Oh my goodness, but this has just made my year -- the fine folks at Warner Archive have finally seen fit to release a DVD version of one of the top ten wackiest major American studio flicks ever. I refer, of course, to the 1950 makes-you-go-huh? classic The Next Voice You Hear. Starring James Whitmore, and directed by William "Wild Bill" Wellman. In which the Supreme Being, the All-Powerful Creator of the Universe, delivers his revered wisdom to a waiting world via...well, let's just say that a certain classic Buggles hit from the early MTV era would have an eerie relevance.
The plot, as summarized over at IMDB:
Joe Smith, American, lives in a Los Angeles suburb and works at an aircraft plant. One night Joe hears a voice cut in on a radio program: "This is God. I'll be with you for the next few days." It turns out, everyone in the world listening to any radio heard the same thing. More messages come; some people react positively, others negatively.
Well. That has a certain enigmatic poetry, I think, and it is in fact vaguely reminiscent of my favorite synopsis of all time, for a Star Trek episode in a 70s edition of TVGuide : "On a distant planet, Kirk and Spock find aliens in strange positions."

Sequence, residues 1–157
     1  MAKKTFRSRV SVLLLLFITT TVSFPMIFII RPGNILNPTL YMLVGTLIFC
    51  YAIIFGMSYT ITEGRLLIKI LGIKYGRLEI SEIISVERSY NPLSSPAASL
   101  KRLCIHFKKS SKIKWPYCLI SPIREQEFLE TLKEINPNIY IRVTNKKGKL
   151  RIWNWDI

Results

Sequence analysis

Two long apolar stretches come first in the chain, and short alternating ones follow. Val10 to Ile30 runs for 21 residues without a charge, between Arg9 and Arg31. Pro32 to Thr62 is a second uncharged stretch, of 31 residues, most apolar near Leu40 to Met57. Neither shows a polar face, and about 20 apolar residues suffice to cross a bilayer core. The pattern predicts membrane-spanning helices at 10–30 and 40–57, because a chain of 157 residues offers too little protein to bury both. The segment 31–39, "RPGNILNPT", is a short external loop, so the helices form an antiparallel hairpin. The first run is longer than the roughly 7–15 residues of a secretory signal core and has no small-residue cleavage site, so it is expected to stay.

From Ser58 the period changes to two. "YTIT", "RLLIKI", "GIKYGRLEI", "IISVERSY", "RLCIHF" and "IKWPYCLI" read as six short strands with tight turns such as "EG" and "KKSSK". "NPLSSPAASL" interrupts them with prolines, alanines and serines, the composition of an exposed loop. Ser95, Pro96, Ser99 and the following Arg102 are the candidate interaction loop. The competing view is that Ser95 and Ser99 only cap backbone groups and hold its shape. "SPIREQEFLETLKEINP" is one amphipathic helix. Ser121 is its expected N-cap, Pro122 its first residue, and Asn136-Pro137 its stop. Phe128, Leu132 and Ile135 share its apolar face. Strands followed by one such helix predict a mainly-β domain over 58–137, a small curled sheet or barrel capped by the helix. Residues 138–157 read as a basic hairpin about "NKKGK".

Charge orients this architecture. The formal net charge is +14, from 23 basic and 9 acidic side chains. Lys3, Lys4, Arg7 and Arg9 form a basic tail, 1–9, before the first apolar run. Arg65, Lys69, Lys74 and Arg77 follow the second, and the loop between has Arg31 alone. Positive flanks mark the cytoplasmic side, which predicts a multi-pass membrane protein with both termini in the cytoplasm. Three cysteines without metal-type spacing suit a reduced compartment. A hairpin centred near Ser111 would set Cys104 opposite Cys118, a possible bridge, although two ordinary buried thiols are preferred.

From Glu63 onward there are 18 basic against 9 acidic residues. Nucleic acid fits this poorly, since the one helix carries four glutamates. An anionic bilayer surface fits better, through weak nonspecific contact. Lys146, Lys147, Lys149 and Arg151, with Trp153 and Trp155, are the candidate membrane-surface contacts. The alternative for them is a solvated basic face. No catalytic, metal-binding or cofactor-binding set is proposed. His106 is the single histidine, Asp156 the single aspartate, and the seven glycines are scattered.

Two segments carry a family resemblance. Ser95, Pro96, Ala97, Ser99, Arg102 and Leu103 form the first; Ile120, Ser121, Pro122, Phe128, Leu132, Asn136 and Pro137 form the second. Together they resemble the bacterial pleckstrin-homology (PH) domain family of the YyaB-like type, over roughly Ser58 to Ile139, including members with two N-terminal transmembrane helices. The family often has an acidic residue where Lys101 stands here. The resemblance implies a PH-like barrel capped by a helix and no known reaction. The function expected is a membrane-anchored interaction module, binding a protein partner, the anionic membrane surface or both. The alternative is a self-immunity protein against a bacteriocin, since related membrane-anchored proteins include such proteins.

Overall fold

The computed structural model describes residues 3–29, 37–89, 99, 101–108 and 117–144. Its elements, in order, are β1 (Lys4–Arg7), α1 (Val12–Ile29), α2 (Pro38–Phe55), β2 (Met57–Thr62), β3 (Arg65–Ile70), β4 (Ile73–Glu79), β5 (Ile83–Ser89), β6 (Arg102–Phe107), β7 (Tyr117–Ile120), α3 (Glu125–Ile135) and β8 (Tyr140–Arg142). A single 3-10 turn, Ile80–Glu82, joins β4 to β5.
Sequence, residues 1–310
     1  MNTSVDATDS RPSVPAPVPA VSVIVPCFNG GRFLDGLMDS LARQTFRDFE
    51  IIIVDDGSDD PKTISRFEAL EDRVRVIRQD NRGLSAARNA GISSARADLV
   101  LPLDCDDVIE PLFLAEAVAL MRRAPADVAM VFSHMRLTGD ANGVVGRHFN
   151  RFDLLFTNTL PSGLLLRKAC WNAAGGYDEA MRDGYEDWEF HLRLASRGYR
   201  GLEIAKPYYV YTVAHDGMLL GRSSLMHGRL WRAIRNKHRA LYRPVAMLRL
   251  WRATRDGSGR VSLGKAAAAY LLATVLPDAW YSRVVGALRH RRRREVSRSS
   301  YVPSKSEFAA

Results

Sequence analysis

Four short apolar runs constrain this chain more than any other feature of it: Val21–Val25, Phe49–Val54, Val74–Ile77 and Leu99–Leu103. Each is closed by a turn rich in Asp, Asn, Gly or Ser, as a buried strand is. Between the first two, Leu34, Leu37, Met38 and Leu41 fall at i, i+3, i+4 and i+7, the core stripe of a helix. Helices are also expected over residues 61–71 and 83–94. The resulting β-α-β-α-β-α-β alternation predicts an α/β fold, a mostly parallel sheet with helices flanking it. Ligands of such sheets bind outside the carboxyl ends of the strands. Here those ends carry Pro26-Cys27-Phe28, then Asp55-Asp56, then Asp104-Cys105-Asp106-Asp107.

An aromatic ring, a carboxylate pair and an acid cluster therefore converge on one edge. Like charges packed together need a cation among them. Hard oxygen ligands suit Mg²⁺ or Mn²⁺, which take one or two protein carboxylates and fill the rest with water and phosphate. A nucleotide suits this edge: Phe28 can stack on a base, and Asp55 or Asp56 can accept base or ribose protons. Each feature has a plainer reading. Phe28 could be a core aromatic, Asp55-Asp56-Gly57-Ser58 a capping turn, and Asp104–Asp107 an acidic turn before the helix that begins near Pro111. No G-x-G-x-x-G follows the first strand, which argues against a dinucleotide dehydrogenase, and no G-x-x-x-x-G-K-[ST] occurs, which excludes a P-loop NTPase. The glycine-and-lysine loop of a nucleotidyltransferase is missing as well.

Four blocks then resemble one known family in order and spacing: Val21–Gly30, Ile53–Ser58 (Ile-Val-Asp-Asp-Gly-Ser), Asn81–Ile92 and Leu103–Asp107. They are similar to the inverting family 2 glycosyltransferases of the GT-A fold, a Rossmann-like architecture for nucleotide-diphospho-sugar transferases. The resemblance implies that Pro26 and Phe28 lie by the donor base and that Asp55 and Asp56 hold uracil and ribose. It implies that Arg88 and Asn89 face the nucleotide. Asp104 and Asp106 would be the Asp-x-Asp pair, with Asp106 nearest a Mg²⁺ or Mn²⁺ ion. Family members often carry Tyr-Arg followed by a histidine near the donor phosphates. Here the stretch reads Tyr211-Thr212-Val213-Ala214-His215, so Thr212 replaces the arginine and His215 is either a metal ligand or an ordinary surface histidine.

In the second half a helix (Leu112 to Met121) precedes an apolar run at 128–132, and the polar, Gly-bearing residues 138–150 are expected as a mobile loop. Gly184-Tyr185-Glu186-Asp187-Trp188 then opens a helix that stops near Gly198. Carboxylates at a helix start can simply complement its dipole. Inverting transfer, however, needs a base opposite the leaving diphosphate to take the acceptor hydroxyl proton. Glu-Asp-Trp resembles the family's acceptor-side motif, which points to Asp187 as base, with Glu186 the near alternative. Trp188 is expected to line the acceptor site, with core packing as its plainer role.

Nevertheless, it really doesn't come close to nailing he film's surpassing oddness, beginning with the fact that, the title notwithstanding, you never actually hear God's voice; all the messages from the Great Beyond are delivered off screen. Why this is the case I can't say, but given that a lot of the film's characters are convinced that the Big G's dispatches are some kind of prank being perpetrated by Orson Welles, it's possible that it was a cost-cutting move to avoid having to hire the great actor/director (according to Time, the film was made "on a low-budget, short-shooting schedule that almost passes for a miracle itself.")
The last time I saw this was back in '93, when I reviewed a long out of print VHS copy from MGM/UA. I seem to recall that I mostly fixated on the fact that former First Lady Nancy Reagan plays Mrs. Joe Smith, American, and I must admit that seeing her all frumped up as a blue collar housefrau is still a hoot, especially when you try to reconcile the overall piety of her character and her portrayal with a certain anecdote about her told in Peter Lawford's autobiography. But perhaps I've already said too much.
In any case, here's the trailer, which only hints at the film's early Cold War mixture of solemnity and mishegass. (Yes, like a lot of other weirdo fantasy films of the early 50s, The Next Voice You Hear is in part an anti-Communist parable. See also: Red Planet Mars).
In any case, Warner Archive's transfer is razor sharp (a lot better than that YouTube clip, actually) and you can -- and absolutely should -- order it directly from their store right here.